It was enough to warm a preservationist's heart.
In a week when things old and beautiful were honored across the nation, the restored terra-cotta pastels of the Dr. Rowan Building glistened like new. Across the street, the triple-spired temple the Masons crafted in 1903 had been rescued from a wrecker's ball.
A block farther south, at Pine Avenue and Broadway, a sign below the landmark clock tower on the old Bank of America proclaimed "space available" because of historic restoration.
But, as the nation marked National Historic Preservation Week and as Long Beach approaches its 100th birthday in 1988, local preservationists say another downtown building is more indicative of city government's efforts when it comes to restoring historic structures.
The Jergins Trust Building, an ornate embodiment of the tourist and oil booms that raised its 10 stories in stages from 1914-29, is scheduled for demolition in July.
"I'm afraid demolition is moving faster than preservation," said attorney Donald Lounsbury, chairman of the Cultural Heritage Committee, an advisory body the City Council formed in 1977.
"Here we are planning for the year 2000," said Lounsbury, "but if we don't do something in the next two or three years, we won't have any buildings left worth saving."
In addition to the Jergins, the Pacific Coast Club on Ocean Boulevard just east of downtown, the Fox West Coast Theater on Ocean, Acres of Books on Long Beach Boulevard and the Tichnor House next to the Pacific Coast Club are all threatened, said Doug Otto, president of the private Long Beach Heritage Foundation.
None of the architecturally and historically significant buildings in Long Beach are truly protected, said Lounsbury. As demonstrated by the Jergins building, even the 25 structures designated landmarks by the city can be razed after a maximum city-ordered delay of one year.
That is why Long Beach preservationists--several small loosely knit groups with no paid leadership--were not celebrating Tuesday when the City Council officially reaffirmed its general commitment to architectural heritage and added three more buildings to its list of landmarks.
"Preservation is not a high priority at City Hall," said Lounsbury. "We have been told unofficially that until we show we have a constituency, don't rock the boat. But government has a responsibility to lead. It can't just react to people marching in the streets. Overall, the council members have not faced the need for attention to this matter."
For their part, city officials say they are still resurrecting a downtown that by 1965 had gone 30 years without a major new building, by the mid-1970s had lost half its shops, and by 1978 was cited in one federal study as the sixth most depressed urban area in the country
"If all these buildings were so great, we wouldn't have to redevelop the downtown," said Mayor Ernie Kell. "I feel the private sector are the ones interested in restoring the buildings, so they're the ones who should be involved. I'm just not convinced how involved government should become."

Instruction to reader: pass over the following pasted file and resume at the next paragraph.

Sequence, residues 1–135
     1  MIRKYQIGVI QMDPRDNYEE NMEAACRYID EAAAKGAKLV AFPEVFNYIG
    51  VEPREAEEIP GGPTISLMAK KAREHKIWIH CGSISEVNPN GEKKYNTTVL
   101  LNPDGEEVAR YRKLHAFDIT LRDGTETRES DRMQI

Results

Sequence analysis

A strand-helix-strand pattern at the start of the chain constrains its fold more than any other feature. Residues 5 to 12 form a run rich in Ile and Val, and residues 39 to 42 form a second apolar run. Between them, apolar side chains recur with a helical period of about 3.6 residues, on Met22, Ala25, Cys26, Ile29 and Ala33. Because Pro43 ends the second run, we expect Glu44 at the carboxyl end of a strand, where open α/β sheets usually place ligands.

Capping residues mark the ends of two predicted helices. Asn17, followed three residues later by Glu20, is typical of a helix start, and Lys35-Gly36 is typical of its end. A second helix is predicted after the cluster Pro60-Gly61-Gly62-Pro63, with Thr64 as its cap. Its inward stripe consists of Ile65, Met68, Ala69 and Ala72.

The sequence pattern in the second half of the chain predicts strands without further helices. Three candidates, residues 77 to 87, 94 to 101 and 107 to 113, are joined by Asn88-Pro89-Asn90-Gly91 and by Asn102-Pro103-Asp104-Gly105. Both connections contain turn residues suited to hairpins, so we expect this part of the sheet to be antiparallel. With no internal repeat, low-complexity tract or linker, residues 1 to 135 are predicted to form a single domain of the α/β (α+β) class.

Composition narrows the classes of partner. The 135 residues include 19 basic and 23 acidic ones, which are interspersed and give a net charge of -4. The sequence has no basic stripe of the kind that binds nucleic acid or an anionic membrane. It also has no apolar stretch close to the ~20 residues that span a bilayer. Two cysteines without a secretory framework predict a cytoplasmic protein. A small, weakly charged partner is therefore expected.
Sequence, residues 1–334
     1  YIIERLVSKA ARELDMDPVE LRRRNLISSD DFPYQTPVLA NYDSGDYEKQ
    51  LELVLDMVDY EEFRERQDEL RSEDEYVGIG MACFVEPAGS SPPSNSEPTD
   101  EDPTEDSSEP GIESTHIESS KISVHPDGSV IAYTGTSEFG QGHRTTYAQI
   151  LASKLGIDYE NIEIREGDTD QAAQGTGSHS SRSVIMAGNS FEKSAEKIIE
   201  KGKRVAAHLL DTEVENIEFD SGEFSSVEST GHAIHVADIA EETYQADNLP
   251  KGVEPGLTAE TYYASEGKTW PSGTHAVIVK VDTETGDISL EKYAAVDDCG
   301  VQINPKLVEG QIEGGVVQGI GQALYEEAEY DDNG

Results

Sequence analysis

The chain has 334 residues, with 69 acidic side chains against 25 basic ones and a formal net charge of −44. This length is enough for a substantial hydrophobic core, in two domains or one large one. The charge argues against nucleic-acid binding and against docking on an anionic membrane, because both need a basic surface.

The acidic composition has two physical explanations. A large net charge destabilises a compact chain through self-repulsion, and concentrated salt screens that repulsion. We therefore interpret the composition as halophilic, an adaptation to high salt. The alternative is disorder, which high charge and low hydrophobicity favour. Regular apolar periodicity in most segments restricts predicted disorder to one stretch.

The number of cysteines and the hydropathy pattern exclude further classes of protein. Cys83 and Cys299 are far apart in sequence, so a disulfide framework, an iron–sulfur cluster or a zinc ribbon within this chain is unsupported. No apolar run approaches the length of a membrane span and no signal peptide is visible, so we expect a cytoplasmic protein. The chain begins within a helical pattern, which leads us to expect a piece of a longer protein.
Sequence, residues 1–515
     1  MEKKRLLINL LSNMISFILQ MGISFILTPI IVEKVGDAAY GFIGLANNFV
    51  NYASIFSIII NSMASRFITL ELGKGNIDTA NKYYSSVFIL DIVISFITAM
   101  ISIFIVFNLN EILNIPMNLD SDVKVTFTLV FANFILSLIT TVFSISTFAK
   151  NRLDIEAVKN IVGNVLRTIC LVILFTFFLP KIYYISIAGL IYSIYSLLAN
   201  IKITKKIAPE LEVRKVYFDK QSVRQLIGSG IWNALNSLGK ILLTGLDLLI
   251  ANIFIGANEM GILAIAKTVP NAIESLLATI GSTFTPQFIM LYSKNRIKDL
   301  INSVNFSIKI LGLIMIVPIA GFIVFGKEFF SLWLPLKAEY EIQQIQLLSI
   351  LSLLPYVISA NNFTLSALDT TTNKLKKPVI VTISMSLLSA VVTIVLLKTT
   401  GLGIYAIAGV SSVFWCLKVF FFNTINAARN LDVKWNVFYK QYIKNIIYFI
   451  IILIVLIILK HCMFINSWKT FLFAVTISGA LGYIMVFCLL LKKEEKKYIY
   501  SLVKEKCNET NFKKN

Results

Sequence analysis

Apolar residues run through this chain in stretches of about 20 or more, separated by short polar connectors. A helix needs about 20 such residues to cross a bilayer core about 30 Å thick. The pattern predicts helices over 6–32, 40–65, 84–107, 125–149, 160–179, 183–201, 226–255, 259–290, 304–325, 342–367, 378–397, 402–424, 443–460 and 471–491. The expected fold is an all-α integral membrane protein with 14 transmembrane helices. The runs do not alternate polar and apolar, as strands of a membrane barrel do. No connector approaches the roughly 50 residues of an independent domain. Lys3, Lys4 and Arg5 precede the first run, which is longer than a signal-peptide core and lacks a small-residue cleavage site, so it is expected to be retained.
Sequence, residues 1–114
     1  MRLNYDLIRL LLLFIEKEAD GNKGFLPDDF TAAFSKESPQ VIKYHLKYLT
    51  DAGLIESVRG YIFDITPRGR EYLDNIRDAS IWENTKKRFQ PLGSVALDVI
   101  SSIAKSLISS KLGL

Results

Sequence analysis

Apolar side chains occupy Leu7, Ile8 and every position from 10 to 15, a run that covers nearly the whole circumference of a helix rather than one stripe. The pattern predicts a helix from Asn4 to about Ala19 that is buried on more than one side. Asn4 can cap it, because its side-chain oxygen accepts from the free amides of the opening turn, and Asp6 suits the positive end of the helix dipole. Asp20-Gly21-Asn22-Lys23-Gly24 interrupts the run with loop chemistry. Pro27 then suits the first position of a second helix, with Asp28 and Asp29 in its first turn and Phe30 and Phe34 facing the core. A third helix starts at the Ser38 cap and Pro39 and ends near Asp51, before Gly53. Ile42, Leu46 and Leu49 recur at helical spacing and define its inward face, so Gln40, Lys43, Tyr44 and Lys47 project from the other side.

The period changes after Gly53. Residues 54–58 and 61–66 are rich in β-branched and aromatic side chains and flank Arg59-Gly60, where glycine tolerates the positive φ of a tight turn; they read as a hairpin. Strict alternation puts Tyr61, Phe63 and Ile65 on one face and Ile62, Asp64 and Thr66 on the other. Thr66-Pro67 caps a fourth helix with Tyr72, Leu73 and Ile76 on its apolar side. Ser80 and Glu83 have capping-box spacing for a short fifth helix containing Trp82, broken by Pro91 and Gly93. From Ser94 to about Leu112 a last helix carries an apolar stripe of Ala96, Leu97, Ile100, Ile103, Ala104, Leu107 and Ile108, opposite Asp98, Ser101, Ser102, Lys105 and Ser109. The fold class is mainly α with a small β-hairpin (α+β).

Lounsbury, Otto and others maintain that after seeing several hundred million dollars in new downtown construction during the last decade, it is now time for the city to also focus on saving the best of its past.
In general, what the preservationists say they want is for the City Council to approve a specific plan for saving historic buildings.
Other area cities, notably Pasadena and Los Angeles, have done just that by hiring experts in cultural heritage to work hand in hand with redevelopment officials. Those cities, according to spokesmen there, recruit developers to rehabilitate old buildings just as they seek out developers of new ones.
Pasadena has four full-time employees working on urban conservation projects, said Claire Bogaard, executive director of Pasadena Heritage.
In addition, Pasadena has made it illegal for property owners to tear down any building that is at least 50 years old without first having city permits to build a new structure on the site. The Long Beach Cultural Heritage Committee recommended a duplicate ordinance, but the city attorney's office said it would be constitutionally questionable.
The city attorney also said a follow-up proposal that would have restricted demolition of only landmark structures raised too many unresolved legal questions. The 2-year-old Pasadena statute has not been challenged in court, said Bogaard.
Care should be taken in comparing the restoration efforts of cities, cautioned David Biggs, redevelopment project manager for downtown Long Beach. The substantial investment of Pasadena and other cities with clusters of historical buildings occurred because "the cornerstone of redevelopment in those cities is historical preservation," said Biggs. "In Long Beach new development is anchoring downtown redevelopment."
As evidence that restoration makes economic sense for Long Beach, though, Lounsbury cited a state Heritage Task Force study that says tourists are drawn to cities with well-preserved historical buildings. The city, he said, needs at least one full-time employee to identify historic buildings that should be saved and work with redevelopment to that end.